Students Don’t Know What They Don’t Know: Helping Every Student Understand Their Career Options.

By Chris Motley posted 07-31-2018 08:29


Note: Chris Motley's company (The Whether--formerly Better Weekdays) was recently awarded a $775,000 “Innovations in Career Advising” grant from the Bill & Melinda Gates Foundation to personalize career pathways for students attending Historically Black Colleges and Universities (HBCUs).   

Several weeks ago, my wife and I took a long weekend to sunny San Diego to celebrate the nuptials of one of her dear friends. While people have mixed feelings about attending weddings, I absolutely enjoy the conversations among a diverse group of individuals. It certainly beats being the bride or groom making countless rounds to speak to folks while also trying to enjoy their special day! I also love wedding cake!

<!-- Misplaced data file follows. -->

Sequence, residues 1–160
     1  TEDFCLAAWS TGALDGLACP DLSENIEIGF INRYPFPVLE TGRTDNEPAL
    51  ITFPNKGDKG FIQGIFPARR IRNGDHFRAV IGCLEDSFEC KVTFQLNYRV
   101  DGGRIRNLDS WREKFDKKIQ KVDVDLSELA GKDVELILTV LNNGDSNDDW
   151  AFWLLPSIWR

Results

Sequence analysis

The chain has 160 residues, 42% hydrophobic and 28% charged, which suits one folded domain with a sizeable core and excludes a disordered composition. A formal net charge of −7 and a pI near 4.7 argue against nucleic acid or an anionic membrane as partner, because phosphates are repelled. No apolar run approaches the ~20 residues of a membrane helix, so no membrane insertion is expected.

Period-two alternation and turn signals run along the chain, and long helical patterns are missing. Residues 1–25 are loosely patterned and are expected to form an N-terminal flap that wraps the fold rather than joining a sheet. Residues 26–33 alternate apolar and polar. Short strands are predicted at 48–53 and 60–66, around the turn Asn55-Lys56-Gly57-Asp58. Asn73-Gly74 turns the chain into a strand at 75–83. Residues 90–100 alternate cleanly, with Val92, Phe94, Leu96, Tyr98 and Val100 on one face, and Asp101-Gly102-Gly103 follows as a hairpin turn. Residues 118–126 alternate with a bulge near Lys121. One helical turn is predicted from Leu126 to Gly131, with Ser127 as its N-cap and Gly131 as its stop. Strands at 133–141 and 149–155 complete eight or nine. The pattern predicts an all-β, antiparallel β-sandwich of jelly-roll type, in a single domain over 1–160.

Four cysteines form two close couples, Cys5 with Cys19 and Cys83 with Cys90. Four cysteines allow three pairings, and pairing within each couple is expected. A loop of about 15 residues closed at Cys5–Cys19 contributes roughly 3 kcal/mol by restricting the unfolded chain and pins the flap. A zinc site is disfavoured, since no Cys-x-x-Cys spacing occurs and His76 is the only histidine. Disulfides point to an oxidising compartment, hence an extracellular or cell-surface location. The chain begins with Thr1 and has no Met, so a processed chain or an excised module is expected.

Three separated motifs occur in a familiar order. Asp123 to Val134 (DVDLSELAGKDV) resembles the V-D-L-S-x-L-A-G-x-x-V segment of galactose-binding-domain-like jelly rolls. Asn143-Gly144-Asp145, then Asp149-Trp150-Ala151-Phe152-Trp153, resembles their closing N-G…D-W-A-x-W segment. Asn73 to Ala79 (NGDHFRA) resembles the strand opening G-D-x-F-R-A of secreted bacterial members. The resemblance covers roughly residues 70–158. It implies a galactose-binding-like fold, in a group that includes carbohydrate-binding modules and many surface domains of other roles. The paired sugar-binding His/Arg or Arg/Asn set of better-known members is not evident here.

The morning before the big day, my wife and I had brunch with three of her closest friends. They met during her days as a teacher, before she attended to the Kellogg School of Management (where she met me) and began her career in healthcare. The topic of conversation? How students’ reading scores haven’t improved over the last 20 years! This was shocking to me. 

In April, The Atlantic published an article to investigate the reasons why those scores haven’t improved. In short: background knowledge. Specifically, there are two skills tested in reading: reading ability (making connections between sounds and the letters that represent them) and comprehension. While the goal of standardized tests is to measure both reading ability and comprehension, they are inherently flawed because they don’t adequately account for the “background knowledge” required to understand a passage. 

Here’s an excerpt that was particularly jarring (and relatable) for me: 

“...whether or not readers understand a text depends far more on how much background knowledge and vocabulary they have relating to the topic than on how much they’ve practiced comprehension skills. That’s because writers leave out a lot of information that they assume readers will know. If they put all the information in, their writing would be tedious.